The Wayland Board of Health announced in May its plans to expand the town's mosquito control efforts beyond treating for larvae in wetlands to spraying for adult mosquitoes.
A Board of Health public hearing on Monday, May 20 brought East Middlesex Mosquito Control Project Superintendent David Henley to town to answer questions and explain the program. (The video from that hearing is available via WayCam)
Still, questions seem to persist, so Patch reached out to Henley for some additional clarification and to specifically ask the questions we've received from readers.
When will the spraying occur?
First of all, Henley explained, Wayland has laid the groundwork for spraying to take place. But it won't happen if it isn't needed.
"It's going to be something that is going to be put into effect later this summer if there's a risk of West Nile or EEE [Eastern Equine Encephalitis]," Henley said, continuing to warn that "The rains that we just had and the rains that we're about to have are actually going to produce a very large mosquito population in late June and that will carry over into early July."
Henley explained that the Wayland Board of Health wanted to have the necessary discussions well in advance of the peak season so that all the logistics, including an opt-out option, would be in place.
"Once it's necessary, maybe it's too late to talk," Henley said. "We [EMMCP] need a little bit of advanced time so that we can set up information to tell us where the people who have opted out live."
What does it mean to "opt out"?
Henley explained that EMMCP honors the requests of individuals who opt out of the spraying, which means that their immediate neighbors will likely also not be sprayed.
The EMMCP considers a number of factors when it comes to the areas it sprays. Henley said the organization will look at any opt-out requests in an area or neighborhood and make individual decisions about how best to treat the area while respecting the opt-out request or requests. (For more information on opting out, see last week's You Ask, Patch Answers: "How Do I Exclude My Property from Mosquito Spraying?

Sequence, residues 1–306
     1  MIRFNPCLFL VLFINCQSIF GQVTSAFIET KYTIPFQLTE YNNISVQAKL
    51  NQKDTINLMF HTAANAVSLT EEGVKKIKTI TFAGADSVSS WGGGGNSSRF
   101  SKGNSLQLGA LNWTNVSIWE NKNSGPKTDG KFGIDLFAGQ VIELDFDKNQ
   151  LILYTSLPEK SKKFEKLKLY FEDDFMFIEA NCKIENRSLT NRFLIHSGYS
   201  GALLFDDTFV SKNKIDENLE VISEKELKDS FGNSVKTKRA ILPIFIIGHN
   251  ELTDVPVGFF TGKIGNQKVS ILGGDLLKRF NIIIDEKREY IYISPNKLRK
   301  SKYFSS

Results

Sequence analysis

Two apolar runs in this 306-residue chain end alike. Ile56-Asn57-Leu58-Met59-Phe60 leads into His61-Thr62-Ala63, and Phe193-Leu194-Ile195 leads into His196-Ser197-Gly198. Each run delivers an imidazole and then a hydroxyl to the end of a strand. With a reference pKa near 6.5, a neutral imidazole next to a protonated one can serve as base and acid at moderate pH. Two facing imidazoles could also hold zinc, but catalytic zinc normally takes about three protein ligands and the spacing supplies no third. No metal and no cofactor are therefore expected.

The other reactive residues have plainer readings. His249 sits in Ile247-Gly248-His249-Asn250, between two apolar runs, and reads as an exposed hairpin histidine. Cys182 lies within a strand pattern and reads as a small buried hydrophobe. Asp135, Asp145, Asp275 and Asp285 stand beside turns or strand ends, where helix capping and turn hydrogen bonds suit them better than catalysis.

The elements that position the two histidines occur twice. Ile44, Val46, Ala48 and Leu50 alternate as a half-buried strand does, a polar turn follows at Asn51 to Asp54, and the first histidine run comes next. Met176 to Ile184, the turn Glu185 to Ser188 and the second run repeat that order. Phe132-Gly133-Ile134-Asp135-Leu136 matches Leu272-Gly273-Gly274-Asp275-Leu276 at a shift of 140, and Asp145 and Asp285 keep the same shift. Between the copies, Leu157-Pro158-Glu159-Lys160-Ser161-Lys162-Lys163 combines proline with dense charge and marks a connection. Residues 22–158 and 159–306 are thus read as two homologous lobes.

The deadline to opt out of the spraying in Wayland in July 1.
Henley said that historically the EMMCP has had anywhere from 5-20 property owners opt out of the spraying in any given town. EMMCP has been conducting adult mosquito control as needed in Sudbury, Weston and Framingham for many years, he said.
Henley explained that the spraying is most effective in areas where the streets are close together and obstructions are limited. For wide, isolated streets (he used Lincoln Road in north Wayland as an example), the effectiveness is limited.
How does the spraying work?
Mosquitos are most active after dusk, Henley said, so spraying takes place after dark.
He explained that each spray truck is staffed by two individuals -- one who operates the truck and watches for people who are out in the yards or streets and one who simply watches for people who are outside. If a person is spotted in the treatment area, spraying stops, Henley said.
"Truck spraying is just meant to go with the other types of control programs that are available," Henley said, adding that the most effective control would occur though aerial spraying, but that poses too many environmental and political issues, he said, to be an option. "So you use a series of less effective controls."
The next best option is to use BTI to control the mosquito larvae population in wetlands, which has taken place in Wayland for years, but EEMCP isn't permitted to use BTI in the Great Meadows Wildlife Refuge.
The Wayland Board of Health said in its original press release about the adult mosquito spraying that the restrictions in Great Meadows as well as the multiple cases of West Nile and EEE last year led to the decision to pursue adult mosquito control this year.
Is it safe?
Henley said that the state has been using the same chemicals for several years in southeastern Massachusetts and has been monitoring the effects on people and the environment.
"Each time, they've done extensive studies of impacts, and they really haven't found much of an impact," Henley said, explaining that neither people nor aquatic insects and other wildlife seem to be affected. "It's to the point where Fisheries and Wildlife doesn't really want to keep checking because they don't think they're going to find things.
"The toxicity of the material is actually very low, so it's not like people ever feel anything from the spraying," Henley said. "The small nighttime flying insects are the target."